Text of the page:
be interesting to put on this CD, contact us!  Any other suggestions
are welcome too!  Any rare 2600 stuff is equally welcome!

Make sure you do not miss this opportunity to participate in this
project.  Don't disappoint us, make my mailbox full with ATR's.
The more people participate, the faster we can produce this
CD.  We are planning on releasing it before the end of this
year, maybe even in time for Christmas.  So help us please!

Send E-mail to or by regular mail to

Ernest R. Schreurs
Kempenlandstraat 8
5211 VN  Den Bosch
The Netherlands

Michael Current,
8-bit Atari FAQ and Vendor Lists,
Cleveland Free-Net Atari SIG, telnet:// (go atari)
St. Paul Atari Computer Enthusiasts,

Article 548 of
From: aa700@cleveland.Freenet.Edu (Michael Current)
Subject: Vintage Computer Festival
Date: 15 Nov 1997 21:55:30 GMT

From: (Sam Ismail)
Date:  6 Sep 1997 21:35:09 GMT

        Announcing the First Annual Vintage Computer Festival!

Mark your calendars!  The first ever public celebration of vintage
computers will take place at the Alameda County Fairgrounds in Pleasanton,
California this October 25th and 26th.

The Vintage Computer Festival (VCF) is the first event of its kind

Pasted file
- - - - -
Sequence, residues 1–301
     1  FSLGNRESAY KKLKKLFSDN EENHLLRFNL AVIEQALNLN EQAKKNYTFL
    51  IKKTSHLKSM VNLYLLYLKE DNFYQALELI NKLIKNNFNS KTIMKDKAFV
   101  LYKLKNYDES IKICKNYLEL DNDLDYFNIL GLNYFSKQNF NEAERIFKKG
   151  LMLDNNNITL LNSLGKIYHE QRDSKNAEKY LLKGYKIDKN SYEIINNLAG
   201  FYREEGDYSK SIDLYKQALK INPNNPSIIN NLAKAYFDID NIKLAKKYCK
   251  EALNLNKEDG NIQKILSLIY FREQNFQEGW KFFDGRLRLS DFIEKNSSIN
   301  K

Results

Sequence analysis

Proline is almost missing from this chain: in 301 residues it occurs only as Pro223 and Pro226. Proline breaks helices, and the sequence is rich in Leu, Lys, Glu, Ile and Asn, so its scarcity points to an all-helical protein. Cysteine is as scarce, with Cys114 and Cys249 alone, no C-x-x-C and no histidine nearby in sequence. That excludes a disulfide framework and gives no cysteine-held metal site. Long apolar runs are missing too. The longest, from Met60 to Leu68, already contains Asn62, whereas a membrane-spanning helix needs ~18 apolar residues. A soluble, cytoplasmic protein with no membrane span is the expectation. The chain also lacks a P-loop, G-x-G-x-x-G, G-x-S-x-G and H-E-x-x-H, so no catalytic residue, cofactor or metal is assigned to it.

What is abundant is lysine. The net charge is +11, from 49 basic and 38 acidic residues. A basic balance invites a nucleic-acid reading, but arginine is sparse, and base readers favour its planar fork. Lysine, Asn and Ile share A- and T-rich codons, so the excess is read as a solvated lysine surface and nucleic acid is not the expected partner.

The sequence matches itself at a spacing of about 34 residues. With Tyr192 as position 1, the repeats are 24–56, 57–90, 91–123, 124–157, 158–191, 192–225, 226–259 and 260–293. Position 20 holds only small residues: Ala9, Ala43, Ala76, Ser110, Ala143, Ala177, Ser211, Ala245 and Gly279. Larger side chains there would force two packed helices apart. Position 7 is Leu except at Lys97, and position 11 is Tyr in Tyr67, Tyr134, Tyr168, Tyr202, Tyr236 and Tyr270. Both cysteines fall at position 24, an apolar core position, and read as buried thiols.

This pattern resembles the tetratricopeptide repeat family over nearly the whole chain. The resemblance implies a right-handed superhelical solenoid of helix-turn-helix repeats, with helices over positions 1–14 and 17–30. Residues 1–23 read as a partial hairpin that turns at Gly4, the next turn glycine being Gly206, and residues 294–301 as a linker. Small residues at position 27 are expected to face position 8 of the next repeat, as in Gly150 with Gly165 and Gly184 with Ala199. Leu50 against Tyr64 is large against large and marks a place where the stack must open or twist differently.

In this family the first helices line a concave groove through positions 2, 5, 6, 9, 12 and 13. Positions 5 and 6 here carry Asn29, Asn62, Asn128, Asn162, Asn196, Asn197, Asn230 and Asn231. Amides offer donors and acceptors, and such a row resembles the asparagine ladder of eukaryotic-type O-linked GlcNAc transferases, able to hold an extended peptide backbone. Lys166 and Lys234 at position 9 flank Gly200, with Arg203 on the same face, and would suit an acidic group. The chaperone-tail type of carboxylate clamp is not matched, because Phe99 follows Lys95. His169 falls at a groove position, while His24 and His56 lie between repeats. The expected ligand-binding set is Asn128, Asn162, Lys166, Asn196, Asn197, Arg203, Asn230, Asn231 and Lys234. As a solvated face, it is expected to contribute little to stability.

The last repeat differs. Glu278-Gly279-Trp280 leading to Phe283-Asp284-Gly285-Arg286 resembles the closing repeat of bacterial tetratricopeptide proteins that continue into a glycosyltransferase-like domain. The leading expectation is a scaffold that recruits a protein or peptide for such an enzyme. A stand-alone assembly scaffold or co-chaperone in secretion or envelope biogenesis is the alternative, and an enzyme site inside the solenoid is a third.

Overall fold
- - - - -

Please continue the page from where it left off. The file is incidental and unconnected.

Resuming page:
anywhere in the world.  This two day festival will feature presentations
and workshops by notable computer industry figures and vintage computer
hobbyists.  There will also be an on-site, hands-on vintage computer
exhibition.  Experiment with the classic computers of yesteryear!

Each year a computer from the past is placed in the Vintage Computer
Spotlight.  This year we focus on the Apple ][.  To celebrate the 20th
anniversary of this classic, we will be giving away an original Apple ][
personal computer!  Each person who attends the VCF is automatically
entered into the drawing!

Both seasoned and new computer collectors will enjoy workshops and
panels to share ideas and learn about finding, acquiring, restoring,
and enjoying vintage computers.

The VCF also features the Vintage Computer Flea Market.  Find those old
computers, peripherals, manuals, and programs you've been looking for!
The flea market is the ideal way for new comers to the field to start
their own collection or for seasoned collectors to add to their existing

Celebrate the good old days of computing!  Attend the First Annual Vintage
Computer Festival!!!

     When:  October 25-26th, 9:00AM - 5:00PM daily

    Where:  Alameda County Fairgrounds, Pleasanton, California

Admission:  Pre-registered ($SAVE$)

              Individual:  $15
              Family:      $24  (two adults and four children)